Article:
|First Time User||22.4||25.1||23.8||28.7||93769|
|Age under 18||22.9||25.0||23.1||29.0||11946|
|Aged 19 to 25||22.4||25.1||23.3||29.3||23187|
|Aged 26 to 34||22.1||24.3||25.3||28.3||10684|
|Aged 35 to 44||21.5||23.7||26.9||27.9||7469|
|Aged 45 to 54||21.0||24.2||27.6||27.2||4849|
|Matches my perception||22.8||24.4||24.0||28.9||70073|
|Does not match my perception||21.4||26.4||24.2||28.0||4062|
|Don’t Know How I Learn||21.5||26.3||23.6||28.5||26767|
THE MATCH AND NO MATCH STATISTICS
In the tables below are the statistics for a question asked of all respondents after they have completed the questionnaire and have seen their results. They are asked if their results match their perception of how they learn. They have three choices: “Match“, “No Match” and “Don’t Know.” The “Match” statistic is currently 69.4% and the “No Match” statistic is 4.0% so a further 26.5% are in the “Don’t Know” category. We use this statistic as a regular check on whether VARK is offering a useful service. If a much larger proportion chose “No Match” we would be concerned. Some of the 100902 who responded to this question (June- December 31 2017) claimed that they did not know how they learned and their data is shown in the tables below with the highest group first.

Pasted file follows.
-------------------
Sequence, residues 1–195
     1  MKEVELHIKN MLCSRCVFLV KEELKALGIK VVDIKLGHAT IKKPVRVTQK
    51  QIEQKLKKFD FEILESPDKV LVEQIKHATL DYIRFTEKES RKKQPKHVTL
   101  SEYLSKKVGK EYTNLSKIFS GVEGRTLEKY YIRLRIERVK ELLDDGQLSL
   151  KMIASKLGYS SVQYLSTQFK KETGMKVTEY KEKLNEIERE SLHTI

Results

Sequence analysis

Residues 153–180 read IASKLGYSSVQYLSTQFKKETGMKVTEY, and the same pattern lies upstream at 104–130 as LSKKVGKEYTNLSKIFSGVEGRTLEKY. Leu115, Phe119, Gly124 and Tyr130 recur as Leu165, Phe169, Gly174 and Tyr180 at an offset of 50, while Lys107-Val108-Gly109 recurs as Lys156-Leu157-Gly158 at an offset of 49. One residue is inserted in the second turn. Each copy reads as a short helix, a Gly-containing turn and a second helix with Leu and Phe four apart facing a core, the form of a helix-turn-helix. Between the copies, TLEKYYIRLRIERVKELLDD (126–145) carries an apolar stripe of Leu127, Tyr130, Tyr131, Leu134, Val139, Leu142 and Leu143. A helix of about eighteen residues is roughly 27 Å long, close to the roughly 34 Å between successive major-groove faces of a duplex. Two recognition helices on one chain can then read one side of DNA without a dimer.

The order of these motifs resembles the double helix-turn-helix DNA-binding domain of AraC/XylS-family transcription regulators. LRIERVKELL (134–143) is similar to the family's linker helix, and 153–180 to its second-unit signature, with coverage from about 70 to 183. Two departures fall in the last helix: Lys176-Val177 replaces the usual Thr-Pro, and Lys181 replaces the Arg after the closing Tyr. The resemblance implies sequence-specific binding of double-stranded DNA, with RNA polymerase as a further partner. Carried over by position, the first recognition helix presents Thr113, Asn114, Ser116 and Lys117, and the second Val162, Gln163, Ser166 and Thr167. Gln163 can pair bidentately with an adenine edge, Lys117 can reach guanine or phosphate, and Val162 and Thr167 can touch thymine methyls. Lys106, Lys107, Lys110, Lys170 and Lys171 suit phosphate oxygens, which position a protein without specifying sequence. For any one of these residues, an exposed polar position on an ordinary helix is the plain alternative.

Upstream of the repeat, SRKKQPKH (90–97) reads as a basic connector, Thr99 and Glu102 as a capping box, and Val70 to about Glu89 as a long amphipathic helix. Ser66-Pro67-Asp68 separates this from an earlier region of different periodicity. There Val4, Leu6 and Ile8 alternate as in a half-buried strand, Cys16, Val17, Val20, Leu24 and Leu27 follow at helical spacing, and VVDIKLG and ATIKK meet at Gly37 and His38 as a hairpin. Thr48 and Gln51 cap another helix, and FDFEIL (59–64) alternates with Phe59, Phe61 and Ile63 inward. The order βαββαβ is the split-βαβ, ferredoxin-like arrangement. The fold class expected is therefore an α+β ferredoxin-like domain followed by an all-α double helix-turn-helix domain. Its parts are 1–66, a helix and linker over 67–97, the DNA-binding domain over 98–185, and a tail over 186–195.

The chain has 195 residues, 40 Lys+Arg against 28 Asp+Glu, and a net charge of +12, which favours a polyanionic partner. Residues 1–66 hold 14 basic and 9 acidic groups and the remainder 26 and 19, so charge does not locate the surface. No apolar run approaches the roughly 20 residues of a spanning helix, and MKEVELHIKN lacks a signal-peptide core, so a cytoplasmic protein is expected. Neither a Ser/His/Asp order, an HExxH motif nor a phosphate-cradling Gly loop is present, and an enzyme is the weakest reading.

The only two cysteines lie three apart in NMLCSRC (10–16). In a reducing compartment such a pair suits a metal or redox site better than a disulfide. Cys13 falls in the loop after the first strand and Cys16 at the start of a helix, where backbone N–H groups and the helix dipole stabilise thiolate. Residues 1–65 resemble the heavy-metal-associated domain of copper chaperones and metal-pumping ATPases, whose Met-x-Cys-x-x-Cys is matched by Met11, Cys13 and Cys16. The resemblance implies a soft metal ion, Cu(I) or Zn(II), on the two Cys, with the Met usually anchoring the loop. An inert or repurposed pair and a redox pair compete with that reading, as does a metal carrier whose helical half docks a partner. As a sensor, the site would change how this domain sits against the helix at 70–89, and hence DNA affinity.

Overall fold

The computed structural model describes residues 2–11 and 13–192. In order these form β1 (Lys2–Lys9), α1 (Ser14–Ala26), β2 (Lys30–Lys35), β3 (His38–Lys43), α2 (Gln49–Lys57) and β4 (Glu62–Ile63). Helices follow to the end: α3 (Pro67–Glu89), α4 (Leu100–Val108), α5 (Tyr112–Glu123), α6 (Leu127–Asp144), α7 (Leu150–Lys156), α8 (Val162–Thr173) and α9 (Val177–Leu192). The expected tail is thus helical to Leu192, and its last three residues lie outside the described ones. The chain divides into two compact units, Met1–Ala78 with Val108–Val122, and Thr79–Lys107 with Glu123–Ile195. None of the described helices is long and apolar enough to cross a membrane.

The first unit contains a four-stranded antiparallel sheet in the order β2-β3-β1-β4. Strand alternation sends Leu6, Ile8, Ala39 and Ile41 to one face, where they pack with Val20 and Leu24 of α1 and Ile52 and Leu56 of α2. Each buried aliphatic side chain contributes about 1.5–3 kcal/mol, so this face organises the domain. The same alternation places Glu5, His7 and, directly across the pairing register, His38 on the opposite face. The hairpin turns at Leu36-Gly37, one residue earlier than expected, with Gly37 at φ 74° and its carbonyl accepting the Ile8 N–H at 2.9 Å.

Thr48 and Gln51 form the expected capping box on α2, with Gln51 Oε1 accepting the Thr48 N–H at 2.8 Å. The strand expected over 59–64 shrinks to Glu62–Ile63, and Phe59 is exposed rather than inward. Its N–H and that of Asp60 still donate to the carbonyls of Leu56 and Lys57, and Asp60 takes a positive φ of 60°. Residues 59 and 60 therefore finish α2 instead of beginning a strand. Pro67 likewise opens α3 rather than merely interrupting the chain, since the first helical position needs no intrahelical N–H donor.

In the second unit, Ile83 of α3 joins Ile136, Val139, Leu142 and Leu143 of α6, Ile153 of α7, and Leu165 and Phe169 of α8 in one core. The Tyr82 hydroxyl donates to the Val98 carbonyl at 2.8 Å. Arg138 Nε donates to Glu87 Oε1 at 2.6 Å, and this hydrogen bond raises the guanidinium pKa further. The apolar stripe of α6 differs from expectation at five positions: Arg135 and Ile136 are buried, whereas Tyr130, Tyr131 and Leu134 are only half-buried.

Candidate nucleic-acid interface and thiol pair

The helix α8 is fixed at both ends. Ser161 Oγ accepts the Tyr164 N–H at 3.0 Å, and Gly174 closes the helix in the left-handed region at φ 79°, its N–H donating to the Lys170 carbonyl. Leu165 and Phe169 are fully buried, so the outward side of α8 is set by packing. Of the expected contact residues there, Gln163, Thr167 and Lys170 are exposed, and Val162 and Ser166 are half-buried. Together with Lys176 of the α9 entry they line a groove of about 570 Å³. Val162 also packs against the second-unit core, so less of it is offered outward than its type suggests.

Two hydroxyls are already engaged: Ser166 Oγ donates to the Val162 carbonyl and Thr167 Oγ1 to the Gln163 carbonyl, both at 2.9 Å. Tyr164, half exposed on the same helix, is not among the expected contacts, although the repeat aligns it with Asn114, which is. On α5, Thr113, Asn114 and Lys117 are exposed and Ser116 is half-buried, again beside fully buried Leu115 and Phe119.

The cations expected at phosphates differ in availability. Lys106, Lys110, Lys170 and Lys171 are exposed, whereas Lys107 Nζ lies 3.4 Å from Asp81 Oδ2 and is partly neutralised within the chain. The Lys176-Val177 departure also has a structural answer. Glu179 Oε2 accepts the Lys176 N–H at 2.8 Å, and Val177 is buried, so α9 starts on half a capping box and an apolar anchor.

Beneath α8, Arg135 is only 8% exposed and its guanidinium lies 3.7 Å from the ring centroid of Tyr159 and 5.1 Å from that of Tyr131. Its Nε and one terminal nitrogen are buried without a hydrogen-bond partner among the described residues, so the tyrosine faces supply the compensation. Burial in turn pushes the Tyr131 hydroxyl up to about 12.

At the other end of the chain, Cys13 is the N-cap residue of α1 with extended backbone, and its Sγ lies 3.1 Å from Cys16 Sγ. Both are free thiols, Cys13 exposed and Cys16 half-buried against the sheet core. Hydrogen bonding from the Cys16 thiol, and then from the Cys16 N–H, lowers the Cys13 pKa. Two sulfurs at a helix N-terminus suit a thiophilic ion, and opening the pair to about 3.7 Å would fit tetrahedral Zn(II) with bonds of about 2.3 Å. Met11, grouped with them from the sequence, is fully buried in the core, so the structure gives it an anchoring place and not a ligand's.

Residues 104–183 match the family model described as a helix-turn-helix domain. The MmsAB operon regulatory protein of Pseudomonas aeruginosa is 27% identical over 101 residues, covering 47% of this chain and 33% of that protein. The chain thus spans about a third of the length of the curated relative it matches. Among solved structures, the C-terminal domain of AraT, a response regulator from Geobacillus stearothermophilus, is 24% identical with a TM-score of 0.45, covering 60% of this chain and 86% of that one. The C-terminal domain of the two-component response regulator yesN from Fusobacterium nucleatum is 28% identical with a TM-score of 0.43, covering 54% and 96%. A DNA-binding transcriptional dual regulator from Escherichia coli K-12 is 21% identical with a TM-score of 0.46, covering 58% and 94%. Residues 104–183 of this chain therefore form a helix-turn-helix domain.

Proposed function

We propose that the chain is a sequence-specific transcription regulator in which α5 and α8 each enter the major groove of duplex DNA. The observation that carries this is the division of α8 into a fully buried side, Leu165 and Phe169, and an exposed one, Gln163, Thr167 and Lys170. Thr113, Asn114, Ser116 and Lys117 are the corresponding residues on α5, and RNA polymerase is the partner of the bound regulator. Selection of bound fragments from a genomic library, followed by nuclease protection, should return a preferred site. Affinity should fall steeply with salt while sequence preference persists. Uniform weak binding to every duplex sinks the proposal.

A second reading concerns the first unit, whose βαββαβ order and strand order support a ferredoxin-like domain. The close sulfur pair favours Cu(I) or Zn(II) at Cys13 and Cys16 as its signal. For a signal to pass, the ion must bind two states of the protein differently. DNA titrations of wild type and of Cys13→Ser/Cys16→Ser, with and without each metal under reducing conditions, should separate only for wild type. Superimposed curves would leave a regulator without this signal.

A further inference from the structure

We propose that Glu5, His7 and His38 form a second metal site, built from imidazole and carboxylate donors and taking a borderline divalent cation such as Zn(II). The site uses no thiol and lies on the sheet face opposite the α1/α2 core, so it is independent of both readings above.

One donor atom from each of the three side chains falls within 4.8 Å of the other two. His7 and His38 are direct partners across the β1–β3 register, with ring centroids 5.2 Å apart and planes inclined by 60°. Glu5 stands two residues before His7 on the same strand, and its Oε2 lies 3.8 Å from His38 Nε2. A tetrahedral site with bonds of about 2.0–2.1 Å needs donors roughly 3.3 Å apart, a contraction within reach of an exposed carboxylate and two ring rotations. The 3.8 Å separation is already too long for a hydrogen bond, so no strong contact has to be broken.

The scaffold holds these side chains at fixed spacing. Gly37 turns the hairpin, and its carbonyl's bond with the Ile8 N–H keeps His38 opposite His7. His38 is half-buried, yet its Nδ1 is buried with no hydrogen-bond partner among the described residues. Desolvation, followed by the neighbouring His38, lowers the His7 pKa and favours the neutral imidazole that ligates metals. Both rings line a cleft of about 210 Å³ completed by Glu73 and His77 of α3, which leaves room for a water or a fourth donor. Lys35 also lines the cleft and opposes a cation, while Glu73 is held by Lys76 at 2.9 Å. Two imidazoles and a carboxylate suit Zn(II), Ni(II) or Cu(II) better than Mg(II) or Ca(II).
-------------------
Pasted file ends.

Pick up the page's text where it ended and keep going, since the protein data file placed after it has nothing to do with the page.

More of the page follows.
TABLE SIX: “Don’t Know” Statistics
|VARK Category||Percent of “Don’t Know”|
|Percent of this VARK Profile in the Total Database|
|VARK (All modes)||42.0%||35.0%|
TABLE SEVEN: Age of the “Don’t Know” group
Of the Don’t Know group 73.2% were aged under 26.
|Age||Percent of “Don’t Know” Database|
|19 – 25||31.9%|
|26 – 34||12.7%|
|35 – 44||8.4%|